Japanese pastry chef Sadaharu Aoki's push for simplicity
Secrets of success rooted in French traditions.
Japanese cuisine is famous for its amazing rice dishes, sushi and ramen. Less known, however, is the Japanese fascination with desserts, especially when it comes to confections and pastries.
Many Japanese pastry chefs received their education in France, learning the basics before bringing it back to the homeland and “Japanizing” the pastries. Candy Industry followed one chef who’s part of Sadaharu Aoki’s pastry imperium for a day to see the Japanese style in action.
It was nearly 15 years ago when Japanese pastry-maker Sadaharu Aoki packed his suitcase to leave for Paris, a grudging self-realization that the capital of pastries and confections wasn’t going to come to him.
Despite some trepidation, it was quite logical to move to the French capital, as there is probably no other place in the world where one can view and learn the art from some of the world’s most skilled pastry chefs. In hindsight, it was a brilliant idea: Aoki managed to build up what one can safely call a pastry imperium. He has four stores in Tokyo, four in Paris and two in Tapei.
Throughout his career, Aoki always answered the fundamental question, “What does he attribute his success in building such imperium?” with one word: simplicity.
“I love to create simple things, but that is probably the most difficult aspect of making simple products – especially confections, as simple and straightforward products can’t be manipulated,” he says.
Obviously, it not only takes talent but extensive training to make that one product perfect in many different respects. Being in France for most of his career helped Aoki, since it meant he could work with quality products – surrounded by people with the knowledge about, and the passion for, making the world’s best desserts.
To fully understand the philosophy of Japanese pastries, and the Japanese approach to confections in general, Candy Industry decided to visit the headquarters of Sadaharu Aoki, in the southern part of Tokyo. The boss Aoki was not present, as he spends most of his days in Paris, but his prodigy — pastry chef Tashiro Naoya — took his time to show the press around in the kitchen, where most of the pastries for the four shops in Tokyo are made.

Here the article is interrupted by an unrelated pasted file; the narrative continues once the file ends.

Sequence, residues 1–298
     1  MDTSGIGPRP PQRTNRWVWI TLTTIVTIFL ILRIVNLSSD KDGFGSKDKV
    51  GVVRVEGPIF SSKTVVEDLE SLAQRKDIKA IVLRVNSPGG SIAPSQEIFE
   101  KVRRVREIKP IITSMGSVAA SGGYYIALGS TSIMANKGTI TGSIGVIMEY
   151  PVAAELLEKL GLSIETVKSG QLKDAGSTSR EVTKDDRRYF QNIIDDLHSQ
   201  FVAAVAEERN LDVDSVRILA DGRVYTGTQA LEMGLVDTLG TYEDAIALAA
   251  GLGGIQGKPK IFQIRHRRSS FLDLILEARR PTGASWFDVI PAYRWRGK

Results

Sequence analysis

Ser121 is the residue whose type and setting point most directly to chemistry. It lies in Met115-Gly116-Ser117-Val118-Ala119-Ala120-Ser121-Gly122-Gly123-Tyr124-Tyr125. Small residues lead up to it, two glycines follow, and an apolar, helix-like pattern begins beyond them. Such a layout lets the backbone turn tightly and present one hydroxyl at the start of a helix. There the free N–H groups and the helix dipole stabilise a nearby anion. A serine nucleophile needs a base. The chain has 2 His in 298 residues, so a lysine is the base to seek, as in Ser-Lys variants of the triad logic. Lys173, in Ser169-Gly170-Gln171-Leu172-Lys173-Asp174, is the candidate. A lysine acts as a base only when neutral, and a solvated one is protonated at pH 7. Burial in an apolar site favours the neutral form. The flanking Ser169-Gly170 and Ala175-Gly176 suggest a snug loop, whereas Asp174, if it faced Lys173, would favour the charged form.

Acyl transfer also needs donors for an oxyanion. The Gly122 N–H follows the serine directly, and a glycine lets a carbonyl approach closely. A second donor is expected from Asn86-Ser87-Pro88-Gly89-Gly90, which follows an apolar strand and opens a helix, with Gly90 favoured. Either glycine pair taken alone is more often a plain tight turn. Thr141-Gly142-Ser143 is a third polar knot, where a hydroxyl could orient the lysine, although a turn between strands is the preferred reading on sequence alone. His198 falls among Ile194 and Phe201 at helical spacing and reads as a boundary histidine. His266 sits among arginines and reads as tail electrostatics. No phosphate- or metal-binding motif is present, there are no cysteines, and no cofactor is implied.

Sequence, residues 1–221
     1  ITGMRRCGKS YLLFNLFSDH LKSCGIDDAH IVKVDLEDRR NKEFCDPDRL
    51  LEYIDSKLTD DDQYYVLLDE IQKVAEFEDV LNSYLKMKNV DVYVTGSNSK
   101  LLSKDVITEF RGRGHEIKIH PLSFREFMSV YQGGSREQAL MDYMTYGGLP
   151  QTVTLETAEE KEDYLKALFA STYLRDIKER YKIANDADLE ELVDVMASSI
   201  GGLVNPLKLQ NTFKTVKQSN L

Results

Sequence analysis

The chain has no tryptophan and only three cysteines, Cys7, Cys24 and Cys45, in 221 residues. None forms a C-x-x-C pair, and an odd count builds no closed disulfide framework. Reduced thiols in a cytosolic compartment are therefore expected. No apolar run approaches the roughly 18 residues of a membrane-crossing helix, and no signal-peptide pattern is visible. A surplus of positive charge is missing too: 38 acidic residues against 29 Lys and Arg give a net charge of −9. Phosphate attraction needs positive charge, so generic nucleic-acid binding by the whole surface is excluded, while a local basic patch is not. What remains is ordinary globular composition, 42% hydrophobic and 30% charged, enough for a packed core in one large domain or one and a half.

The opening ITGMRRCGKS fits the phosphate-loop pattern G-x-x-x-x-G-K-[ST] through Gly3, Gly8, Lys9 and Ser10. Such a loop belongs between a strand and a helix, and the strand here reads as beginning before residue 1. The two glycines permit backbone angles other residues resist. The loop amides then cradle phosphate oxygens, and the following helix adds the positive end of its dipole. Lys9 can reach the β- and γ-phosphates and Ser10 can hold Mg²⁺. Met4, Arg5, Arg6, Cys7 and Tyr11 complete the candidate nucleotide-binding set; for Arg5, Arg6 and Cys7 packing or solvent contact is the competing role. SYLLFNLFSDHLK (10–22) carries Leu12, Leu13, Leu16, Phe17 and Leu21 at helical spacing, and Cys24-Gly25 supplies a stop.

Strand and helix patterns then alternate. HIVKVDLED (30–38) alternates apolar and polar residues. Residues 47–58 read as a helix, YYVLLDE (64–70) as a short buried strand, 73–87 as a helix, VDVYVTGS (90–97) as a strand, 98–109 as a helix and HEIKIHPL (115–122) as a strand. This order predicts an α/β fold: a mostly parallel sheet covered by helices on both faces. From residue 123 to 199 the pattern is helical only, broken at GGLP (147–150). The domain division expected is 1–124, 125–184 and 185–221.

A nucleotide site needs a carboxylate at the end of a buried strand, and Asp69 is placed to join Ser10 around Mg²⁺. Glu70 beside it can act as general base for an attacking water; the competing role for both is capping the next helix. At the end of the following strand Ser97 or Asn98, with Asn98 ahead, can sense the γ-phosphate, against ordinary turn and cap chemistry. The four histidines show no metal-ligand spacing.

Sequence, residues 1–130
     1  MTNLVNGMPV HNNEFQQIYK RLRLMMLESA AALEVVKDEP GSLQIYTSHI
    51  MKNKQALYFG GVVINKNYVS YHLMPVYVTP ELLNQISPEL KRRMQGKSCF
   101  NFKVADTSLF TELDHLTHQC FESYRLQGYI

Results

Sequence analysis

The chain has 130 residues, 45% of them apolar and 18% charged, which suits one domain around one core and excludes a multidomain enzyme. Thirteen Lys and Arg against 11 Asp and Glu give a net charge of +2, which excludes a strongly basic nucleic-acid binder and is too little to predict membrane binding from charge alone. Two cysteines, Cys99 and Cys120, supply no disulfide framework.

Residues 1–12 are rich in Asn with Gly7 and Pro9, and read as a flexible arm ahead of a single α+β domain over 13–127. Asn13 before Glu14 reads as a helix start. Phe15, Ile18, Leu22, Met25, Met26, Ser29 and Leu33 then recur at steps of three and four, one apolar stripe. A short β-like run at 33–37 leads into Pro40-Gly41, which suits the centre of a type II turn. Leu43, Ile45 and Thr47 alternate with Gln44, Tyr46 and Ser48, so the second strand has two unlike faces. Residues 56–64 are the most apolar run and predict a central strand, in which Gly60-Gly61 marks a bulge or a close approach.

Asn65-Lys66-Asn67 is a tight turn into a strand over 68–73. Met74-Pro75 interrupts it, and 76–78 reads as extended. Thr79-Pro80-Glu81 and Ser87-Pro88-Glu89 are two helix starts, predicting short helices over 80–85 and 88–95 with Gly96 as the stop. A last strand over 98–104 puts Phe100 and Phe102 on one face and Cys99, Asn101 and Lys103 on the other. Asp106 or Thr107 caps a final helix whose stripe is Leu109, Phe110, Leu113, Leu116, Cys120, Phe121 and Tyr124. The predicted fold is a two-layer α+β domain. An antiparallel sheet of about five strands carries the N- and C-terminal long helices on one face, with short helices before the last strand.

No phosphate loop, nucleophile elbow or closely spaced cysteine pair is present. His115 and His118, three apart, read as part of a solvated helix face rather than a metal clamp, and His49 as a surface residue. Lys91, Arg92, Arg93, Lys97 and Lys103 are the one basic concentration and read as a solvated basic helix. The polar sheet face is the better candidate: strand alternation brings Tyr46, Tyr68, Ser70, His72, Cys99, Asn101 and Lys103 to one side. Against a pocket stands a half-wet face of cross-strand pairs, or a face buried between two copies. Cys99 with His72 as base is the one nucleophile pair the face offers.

For almost three years, Naoya has worked as one of the main chefs of the Tokyo branches. Hygiene is a big priority for Naoya, which becomes clear when he conducts a tour through the kitchen. The pastry chefs need to go through what we could describe as a “clean room” to get from the office area to the actual kitchen. The tiny room is closed off from the outside and blows off all dust and possible bacteria from employees’ clothes.
Upon entering the kitchen, we’re greeted with bows, a sign of typical Japanese hospitality known as omotenashi. Yet, there isn’t much time for small talk; one of the employees is busy finishing a cherry pie, experimenting with a wide variety of different ingredients.
On a big, silver-looking plate we find the ingredients: almond flour, oranges and — obviously — some fresh cherries. She mixes them aggressively and when asked about what the other ingredients are, she can’t deny a cheeky laugh: “For now that’s top secret.”
Naoya explains the pastry market is starting to become very competitive, also in Japan. It means they need to experiment with different products to satisfy a growing group of consumers.
Not very far from the female employee, Naoya’s eyes catch a big chunk of butter, which he places back into the refrigerator.
“This is Echiré butter, coming from the west of France,” he explains. For pastry chefs like Naoya it is crucial to work with only top-quality products, and the butter is possibly the most crucial ingredients. “In France, you’ll find the best butter, it is simply the best, you can recognize it because it will smell like yogurt; in Japan we don’t have this kind of quality.”
Japan’s reliance on foreign products, however, does have a downside, Naoya explains: “There are very strict laws we need to abide by for certain foods that are imported from abroad, which makes the import-process a slow one and doesn’t benefit the freshness of the products.”